The county where you bring a car accident lawsuit, the venue, can have as much of an impact on the value of the case as anything else. When analyzing value and making decisions about where to file the lawsuit, you really have to weigh your options carefully. One excellent example of how tricky this can be is a recent opinion, a state appellate court discussed a case that stemmed from a Georgia hit-and-accident. The case presented the court with the opportunity to discuss how the general procedural rules governing which venue is appropriate fit together with the more specific venue-selection rules contained in the state’s uninsured motorist (UIM) statute.
Ultimately, the court concluded that the specific venue-selection language in the UIM statute should be given effect over the more generally applicable rule. Thus, the court dismissed the defendant’s appeal.
The Facts of the Case
The plaintiffs were injured after the defendant rear-ended the vehicle in which they were riding. Immediately prior to the accident, an unknown “John Doe” driver cut off the plaintiff’s vehicle, requiring the plaintiff driving the car to slam on the brakes to avoid rear-ending him. After the plaintiff slammed on the brakes, the defendant crashed into the back of their car, and the John Doe driver sped away. He was never located. The plaintiffs filed a personal injury lawsuit against both John Doe as well as the named defendant.
Venue Selection in Georgia
Venue refers to the specific location where a case will be heard. Georgia Code § 9-10-93 states that venue is appropriate in any county where the defendant resides. This general rule applies to most Georgia personal injury cases.
However, Georgia also has a UIM statute, § 33-7-11, which governs in situations where a motorist is uninsured. That statute provides that the residence of a “John Doe” defendant under these circumstances defendant will be assumed to be in the county where the accident that caused the injury and damages took place. Alternatively, it will be in the plaintiff’s county of residence, assuming the plaintiff elects such in their action.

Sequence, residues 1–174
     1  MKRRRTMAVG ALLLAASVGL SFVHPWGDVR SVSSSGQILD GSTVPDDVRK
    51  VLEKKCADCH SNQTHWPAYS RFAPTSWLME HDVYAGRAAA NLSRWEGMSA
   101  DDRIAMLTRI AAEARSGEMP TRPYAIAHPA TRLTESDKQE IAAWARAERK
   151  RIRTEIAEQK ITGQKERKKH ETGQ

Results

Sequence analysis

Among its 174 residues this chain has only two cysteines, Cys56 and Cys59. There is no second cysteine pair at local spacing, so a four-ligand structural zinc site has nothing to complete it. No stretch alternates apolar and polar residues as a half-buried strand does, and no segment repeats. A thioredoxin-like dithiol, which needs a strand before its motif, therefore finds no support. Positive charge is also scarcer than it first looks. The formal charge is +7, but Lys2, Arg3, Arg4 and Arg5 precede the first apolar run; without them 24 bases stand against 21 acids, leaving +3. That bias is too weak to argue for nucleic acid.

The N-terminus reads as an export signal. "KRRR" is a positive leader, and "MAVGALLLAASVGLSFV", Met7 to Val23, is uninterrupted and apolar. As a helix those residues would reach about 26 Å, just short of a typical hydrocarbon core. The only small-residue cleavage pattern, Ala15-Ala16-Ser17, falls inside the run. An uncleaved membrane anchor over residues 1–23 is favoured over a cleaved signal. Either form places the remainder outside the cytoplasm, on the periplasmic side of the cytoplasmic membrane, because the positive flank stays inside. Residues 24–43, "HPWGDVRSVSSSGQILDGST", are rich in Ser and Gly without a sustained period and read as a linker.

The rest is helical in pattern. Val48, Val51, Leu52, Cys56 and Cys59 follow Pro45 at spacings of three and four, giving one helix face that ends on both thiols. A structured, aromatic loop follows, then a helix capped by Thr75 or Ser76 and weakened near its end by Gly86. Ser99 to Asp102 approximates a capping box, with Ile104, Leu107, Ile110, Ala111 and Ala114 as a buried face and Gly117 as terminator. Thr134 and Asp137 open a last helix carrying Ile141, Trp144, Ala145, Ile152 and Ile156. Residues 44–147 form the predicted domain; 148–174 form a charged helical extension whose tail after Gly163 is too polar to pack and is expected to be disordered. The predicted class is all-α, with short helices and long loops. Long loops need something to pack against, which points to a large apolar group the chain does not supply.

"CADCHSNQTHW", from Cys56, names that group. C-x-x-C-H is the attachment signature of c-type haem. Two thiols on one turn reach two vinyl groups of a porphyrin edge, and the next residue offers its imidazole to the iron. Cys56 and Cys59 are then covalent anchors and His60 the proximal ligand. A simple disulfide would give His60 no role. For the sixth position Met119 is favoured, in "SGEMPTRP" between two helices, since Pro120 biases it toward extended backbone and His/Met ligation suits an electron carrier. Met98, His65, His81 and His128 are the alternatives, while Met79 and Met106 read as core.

The Defendant Disputes the Plaintiffs’ Chosen Venue
The plaintiffs filed the case in the county where the accident occurred, relying on the language in § 33-7-11. However, the defendant claimed that under § 9-10-93, venue was appropriate in his home county, and sought to transfer the case. The court denied the defendant’s request, and the defendant appealed.
On appeal, the lower court’s decision was affirmed. The court explained that it had an obligation to give effect to both statutes, if possible. The court held that the plaintiff’s interpretation of the two statutes best gave effect to both. The court explained that the general rule for venue is that it is appropriate where any defendant resides. Under the UIM statute, a John Doe motorist is presumed to reside in either the county where the accident occurred or where the plaintiff resides. Thus, the court could give effect to both statutes by allowing the case to proceed in the county where the accident occurred – as it is the “home venue” of the John Doe motorist. The court explained that the defendant’s interpretation of the two statutes gave no effect to the UIM statute.
Have You Been Injured in a Georgia Hit-and-Run Accident?
If you or a loved one has recently been injured in an Atlanta car accident, you may be entitled to monetary compensation. Even if the other driver was never located, you may still be able to recover for your injuries. To learn more, and to speak with an attorney about your case, call Attorney Christopher M. Simon at 404-259-7635 to schedule a free consultation today. Attorney Simon represents accident victims and their families in Georgia personal injury cases across Georgia, including in Gainesville, Conyers, and Savannah.
Georgia Court Decides Whether Wrongful Death Claim Is Limited by Previous Personal Injury Claim, Atlanta Injury Attorney Blog, published August 10, 2018
Georgia Court Discusses “Equal Knowledge” in Recent Sip-and-Fall Case, Atlanta Injury Attorney Blog, published July 16, 2018